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Higg MSI: A Useful Tool For Ecodesign?: Findings From a Small-To-Medium-Sized Outdoor Company
University of Borås, Faculty of Textiles, Engineering and Business.
2021 (English)Independent thesis Advanced level (degree of Master (Two Years)), 20 credits / 30 HE creditsStudent thesis
Sustainable development
Sustainable Development/Sustainability is used as a subject keyword for the thesis
Abstract [en]

Global consumption of garments has risen to an estimated 62 million tonnes of garments per year and is expected to reach 102 million tonnes by 2030 (Niinimäki et al., 2020). The enormous and increasing demand for new clothing reflects the environmental burden that the textile industry (Roos, 2016) places on the planetary boundaries. In order to ‘meet the present without compromising the ability of future generations to meet their own needs’ (United Nations, 1987, p. 43), companies need to reduce the environmental impacts of their business practices. The present study aims to answer the question, ‘what role do preferred materials play in ecodesign and to what extent can the Higg MSI contribute to the current practices of an outdoor apparel and accessories brand?’ A qualitative single case study was conducted to analyse the current practices of a Swedish outdoor apparel and accessories brand and aimed to identify how the brand can integrate ecodesign tools for preferred material selection into its business practices. The results show that the case company already has an integrated preferred material policy and applies life cycle thinking when designing new products. Product life cycle thinking is a key activity for ecodesign; durability and functionality factors dominate ecodesign practices. Life cycle thinking, however, is not supported by the Higg MSI due to the system boundaries of the cradle-to-gate approach; it does not consider the application of a material or the potential lifespan and results are therefore limited. Still, the Higg MSI could contribute to the brand’s ecodesign strategy by providing first insights in material processes. Furthermore, it helps identifying life cycle stages that contribute most to stressing the environment, so called ‘hotspots’. Yet, Higg MSI impact results should not be used to draw specific conclusions: the processes and results in the tool are not specific to the case company’s supply chain. Future research should assess the applicability of the upcoming Higg Product Module tool, which measures the product from cradle-to-grave.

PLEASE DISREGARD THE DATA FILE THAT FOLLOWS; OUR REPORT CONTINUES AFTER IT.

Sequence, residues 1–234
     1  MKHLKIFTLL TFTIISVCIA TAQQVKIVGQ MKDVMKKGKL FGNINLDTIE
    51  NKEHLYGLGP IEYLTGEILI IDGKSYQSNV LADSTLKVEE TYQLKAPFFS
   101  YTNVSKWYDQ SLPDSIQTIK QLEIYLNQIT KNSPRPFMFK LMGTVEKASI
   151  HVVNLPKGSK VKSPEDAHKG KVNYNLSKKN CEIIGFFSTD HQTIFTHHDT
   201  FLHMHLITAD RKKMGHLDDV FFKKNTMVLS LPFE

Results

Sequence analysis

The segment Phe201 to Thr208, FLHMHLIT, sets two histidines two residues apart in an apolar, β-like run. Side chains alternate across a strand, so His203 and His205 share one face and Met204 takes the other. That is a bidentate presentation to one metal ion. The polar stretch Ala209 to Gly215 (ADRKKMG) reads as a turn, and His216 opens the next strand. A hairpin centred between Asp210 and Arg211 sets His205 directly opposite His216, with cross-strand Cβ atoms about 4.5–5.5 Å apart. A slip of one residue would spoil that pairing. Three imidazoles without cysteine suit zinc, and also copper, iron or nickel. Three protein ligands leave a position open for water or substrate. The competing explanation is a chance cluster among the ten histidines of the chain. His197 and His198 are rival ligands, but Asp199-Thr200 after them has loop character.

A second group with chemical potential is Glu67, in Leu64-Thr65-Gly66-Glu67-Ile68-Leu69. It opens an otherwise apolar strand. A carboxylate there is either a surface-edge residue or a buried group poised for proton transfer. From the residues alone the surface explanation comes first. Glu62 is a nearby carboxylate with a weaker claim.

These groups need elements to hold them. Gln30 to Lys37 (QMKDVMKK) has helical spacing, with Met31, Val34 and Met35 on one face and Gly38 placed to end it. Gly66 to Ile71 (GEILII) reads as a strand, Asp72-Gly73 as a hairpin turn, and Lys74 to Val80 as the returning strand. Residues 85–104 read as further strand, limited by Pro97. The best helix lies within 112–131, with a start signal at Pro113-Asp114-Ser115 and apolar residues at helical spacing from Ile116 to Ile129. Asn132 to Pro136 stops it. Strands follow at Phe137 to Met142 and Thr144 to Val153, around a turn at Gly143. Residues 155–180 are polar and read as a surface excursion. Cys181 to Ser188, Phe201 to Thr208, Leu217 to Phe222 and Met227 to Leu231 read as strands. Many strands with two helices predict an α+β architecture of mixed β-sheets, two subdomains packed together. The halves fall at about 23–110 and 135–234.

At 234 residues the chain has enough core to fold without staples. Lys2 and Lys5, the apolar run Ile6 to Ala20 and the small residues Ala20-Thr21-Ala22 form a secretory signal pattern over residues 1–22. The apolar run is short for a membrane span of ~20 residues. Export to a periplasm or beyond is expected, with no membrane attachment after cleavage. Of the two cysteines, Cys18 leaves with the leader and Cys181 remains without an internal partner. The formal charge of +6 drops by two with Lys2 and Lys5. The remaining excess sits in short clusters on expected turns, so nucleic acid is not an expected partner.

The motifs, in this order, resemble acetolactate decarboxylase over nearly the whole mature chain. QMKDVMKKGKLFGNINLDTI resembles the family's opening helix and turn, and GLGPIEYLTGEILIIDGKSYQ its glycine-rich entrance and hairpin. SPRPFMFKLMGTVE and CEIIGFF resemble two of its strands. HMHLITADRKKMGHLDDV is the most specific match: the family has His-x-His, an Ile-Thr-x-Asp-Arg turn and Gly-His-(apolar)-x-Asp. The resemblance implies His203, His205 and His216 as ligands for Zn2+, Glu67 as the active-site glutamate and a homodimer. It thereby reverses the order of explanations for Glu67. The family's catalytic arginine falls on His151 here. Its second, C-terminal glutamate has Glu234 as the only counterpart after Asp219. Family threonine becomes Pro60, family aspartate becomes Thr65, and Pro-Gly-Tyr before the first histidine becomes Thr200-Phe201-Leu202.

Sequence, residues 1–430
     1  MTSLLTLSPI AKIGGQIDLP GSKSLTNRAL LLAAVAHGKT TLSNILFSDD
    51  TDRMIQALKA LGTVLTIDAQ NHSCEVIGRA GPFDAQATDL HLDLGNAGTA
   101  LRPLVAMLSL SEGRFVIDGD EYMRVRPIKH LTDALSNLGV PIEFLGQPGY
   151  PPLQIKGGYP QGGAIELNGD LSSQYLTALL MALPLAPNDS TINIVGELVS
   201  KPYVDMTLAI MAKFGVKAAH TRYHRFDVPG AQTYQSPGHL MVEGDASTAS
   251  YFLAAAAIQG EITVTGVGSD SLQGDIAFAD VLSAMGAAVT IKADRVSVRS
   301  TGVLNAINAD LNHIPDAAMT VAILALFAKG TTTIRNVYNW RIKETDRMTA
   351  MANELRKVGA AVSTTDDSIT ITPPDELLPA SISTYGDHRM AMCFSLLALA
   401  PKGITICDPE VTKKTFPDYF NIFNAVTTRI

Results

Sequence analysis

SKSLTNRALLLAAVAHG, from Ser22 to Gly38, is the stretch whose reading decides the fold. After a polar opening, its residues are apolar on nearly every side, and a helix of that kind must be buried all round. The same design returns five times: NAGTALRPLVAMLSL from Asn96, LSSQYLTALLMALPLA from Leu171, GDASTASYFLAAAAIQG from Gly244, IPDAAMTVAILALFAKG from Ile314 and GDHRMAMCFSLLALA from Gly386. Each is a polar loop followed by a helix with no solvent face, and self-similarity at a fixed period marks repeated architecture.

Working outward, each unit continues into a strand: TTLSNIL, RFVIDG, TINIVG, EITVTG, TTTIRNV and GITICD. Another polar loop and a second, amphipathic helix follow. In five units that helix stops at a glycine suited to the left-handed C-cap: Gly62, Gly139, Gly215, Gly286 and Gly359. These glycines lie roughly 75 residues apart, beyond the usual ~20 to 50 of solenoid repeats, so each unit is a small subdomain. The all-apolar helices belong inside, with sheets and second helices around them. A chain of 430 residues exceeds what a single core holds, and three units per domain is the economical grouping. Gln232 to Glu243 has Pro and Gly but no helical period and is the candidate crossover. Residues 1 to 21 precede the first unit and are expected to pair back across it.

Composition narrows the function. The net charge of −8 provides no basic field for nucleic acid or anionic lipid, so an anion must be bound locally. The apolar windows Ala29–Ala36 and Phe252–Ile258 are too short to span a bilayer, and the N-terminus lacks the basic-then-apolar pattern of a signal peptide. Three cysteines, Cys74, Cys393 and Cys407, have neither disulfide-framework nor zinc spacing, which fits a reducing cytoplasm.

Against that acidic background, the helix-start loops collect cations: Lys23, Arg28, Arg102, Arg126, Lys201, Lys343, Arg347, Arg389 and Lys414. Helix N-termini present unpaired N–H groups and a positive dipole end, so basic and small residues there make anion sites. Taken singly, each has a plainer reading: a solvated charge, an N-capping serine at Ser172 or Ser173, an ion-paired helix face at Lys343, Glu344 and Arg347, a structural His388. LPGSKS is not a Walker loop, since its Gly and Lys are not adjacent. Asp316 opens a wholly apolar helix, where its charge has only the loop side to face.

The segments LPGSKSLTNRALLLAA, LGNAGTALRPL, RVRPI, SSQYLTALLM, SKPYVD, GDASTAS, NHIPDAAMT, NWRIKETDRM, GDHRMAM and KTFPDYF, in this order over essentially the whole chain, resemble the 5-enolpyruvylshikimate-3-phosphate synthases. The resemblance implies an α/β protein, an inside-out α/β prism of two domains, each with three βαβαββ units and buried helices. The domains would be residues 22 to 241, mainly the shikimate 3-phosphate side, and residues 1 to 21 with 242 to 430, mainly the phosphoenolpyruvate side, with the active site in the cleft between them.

Place, publisher, year, edition, pages
2021.
Keywords [en]
Ecodesign, Sustainable design, Sustainable materials, Preferred materials, Environmental assessment tools, Sustainable development, Outdoor industry
National Category
Social Sciences
Identifiers
URN: urn:nbn:se:hb:diva-25176OAI: oai:DiVA.org:hb-25176DiVA, id: diva2:1537718
Subject / course
Textile management
Available from: 2021-03-18 Created: 2021-03-16 Last updated: 2021-03-18Bibliographically approved

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CiteExportLink to record
Permanent link

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Cite
Citation style
  • harvard-cite-them-right
  • apa
  • ieee
  • modern-language-association-8th-edition
  • vancouver
  • Other style
More styles
Language
  • de-DE
  • en-GB
  • en-US
  • fi-FI
  • nn-NO
  • nn-NB
  • sv-SE
  • Other locale
More languages
Output format
  • html
  • text
  • asciidoc
  • rtf